Ennor v Barwell

JurisdictionEngland & Wales
Judgment Date11 July 1860
Date11 July 1860
CourtHigh Court of Chancery

English Reports Citation: 45 E.R. 466

BEFORE THE LORDS JUSTICES.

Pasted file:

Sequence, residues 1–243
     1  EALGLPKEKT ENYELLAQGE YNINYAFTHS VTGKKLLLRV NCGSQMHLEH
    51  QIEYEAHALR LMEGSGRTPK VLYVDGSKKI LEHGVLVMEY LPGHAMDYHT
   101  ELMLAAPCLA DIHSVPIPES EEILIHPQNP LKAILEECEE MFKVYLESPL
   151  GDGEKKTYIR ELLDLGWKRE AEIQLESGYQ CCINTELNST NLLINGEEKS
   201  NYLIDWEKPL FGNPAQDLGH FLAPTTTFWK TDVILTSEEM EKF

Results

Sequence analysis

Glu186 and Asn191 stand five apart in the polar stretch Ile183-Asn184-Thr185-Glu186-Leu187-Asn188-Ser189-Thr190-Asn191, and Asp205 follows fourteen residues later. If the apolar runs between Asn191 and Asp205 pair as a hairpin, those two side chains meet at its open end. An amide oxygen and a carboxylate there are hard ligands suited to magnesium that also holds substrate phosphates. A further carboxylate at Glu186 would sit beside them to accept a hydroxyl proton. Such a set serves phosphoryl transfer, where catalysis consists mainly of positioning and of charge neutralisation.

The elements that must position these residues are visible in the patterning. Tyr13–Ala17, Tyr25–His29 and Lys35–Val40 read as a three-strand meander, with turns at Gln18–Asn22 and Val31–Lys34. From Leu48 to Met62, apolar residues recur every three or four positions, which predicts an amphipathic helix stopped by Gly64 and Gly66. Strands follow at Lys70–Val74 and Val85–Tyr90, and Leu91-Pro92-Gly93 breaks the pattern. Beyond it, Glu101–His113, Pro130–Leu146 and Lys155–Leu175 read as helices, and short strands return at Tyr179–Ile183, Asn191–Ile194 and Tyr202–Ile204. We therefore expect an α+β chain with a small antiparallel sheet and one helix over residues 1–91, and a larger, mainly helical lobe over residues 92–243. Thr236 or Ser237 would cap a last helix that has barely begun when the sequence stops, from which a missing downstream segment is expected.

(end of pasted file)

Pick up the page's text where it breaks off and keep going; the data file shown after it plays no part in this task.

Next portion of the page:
Ennor
and
Barwell

S. C. 7 Jur. (N. S.), 788; 8 W. R. 300. Distinguished, Lamb v. Beaumont, 1884, 27 Ch. D. 356.